The U.S. Supreme Court today (3/23) summarily reversed the decision of the Wisconsin State Supreme Court handed down earlier this month which adopted legislative redistricting maps submitted by Governor Evers. In a somewhat technical decision, the U.S. high court sided with arguments raised by state Republicans and remanded the case back to the Wisconsin Supreme Court for further proceedings not inconsistent with its order.
This means legislative district boundaries for districts on the November 2022 ballot remain unsettled at this time, even though state statutes provide that nomination papers for those offices may be circulated as soon as April 15. However, the U.S. Supreme Court let stand the Wisconsin Supreme Court’s adoption of Congressional maps submitted by Governor Evers, so district lines for those races appear to be set, barring any further developments.
Leaders of Wisconsin’s Republican-controlled legislature had asked the U.S. Supreme Court either to grant an emergency stay of the state Supreme Court’s ruling or to construe their application as a petition for certiorari and reverse the decision. Today’s unsigned ruling treated the Republicans’ filing as a request for certiorari, which a majority of justices granted, and then reversed the state court’s ruling.
At issue in the high court’s holding was the question of whether maps submitted by Gov. Evers and approved by the Wisconsin Supreme Court, that would have created a seventh majority-black Assembly district in the Milwaukee area, were properly analyzed on Equal Protection grounds by the Wisconsin Supreme Court. The U.S. Supreme Court found the Wisconsin Supreme Court erred by not sufficiently considering the specific requirements of the Voting Rights Act when it adopted a map drawn by Gov. Tony Evers over other plans submitted to it.
The U.S. Supreme Court found that such an analysis, should have been based on a “strict scrutiny.” Under a strict scrutiny analysis, the state must show that districting maps that sort voters by race must be “narrowly tailored to achieve a compelling state interest.” It found specifically that the Wisconsin high court’s analysis of whether compliance with Section 2 of the federal Voting Rights Act was required—thus creating a compelling state interest for adding a seventh majority-black district—was inadequate. It further found the Wisconsin Supreme Court erred when it failed to determine whether a race-neutral alternative that did not add a seventh majority-black district would deny black voters equal political opportunity.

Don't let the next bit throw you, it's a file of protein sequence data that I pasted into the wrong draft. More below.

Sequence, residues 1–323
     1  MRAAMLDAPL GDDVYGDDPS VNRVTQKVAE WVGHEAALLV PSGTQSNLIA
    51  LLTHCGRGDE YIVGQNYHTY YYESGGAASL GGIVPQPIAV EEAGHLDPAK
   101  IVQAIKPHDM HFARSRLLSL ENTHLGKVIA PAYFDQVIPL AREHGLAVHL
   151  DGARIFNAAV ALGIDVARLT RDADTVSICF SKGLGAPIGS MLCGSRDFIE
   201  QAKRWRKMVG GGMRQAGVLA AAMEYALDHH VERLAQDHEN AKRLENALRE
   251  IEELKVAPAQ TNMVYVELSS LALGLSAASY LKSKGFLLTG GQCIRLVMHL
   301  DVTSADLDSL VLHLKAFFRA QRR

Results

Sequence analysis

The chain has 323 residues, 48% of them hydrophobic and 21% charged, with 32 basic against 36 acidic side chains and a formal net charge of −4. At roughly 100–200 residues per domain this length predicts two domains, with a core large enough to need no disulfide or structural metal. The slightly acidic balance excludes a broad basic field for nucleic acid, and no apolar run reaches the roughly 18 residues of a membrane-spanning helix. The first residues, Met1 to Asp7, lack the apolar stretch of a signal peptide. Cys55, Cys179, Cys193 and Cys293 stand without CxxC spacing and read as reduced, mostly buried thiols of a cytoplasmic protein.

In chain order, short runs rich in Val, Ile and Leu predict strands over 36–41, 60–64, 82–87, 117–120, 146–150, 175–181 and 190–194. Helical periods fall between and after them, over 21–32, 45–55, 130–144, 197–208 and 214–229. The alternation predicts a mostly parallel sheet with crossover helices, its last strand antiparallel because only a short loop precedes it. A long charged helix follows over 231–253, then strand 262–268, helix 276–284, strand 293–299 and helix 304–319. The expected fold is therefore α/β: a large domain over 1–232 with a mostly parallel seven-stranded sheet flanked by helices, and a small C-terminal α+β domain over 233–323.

In its order remanding the Wisconsin court’s decision, the U.S. Supreme Court stated that, “[O]n remand, the court is free to take additional evidence if it prefers to reconsider the Governor’s maps rather than choose from among the other submissions. Any new analysis, however, must comply with our equal protection jurisprudence.”
UPDATE (3/28): The Wisconsin high court will now have to revisit the case to decide where to put the lines. Gov. Evers asked the Court to act swiftly in approving new maps and wants justices to allow him to submit additional evidence in support of his original maps or to allow him to submit new maps that would tweak the boundaries of the districts identified as problematic to reduce the number of black and/or Hispanic districts from seven to six.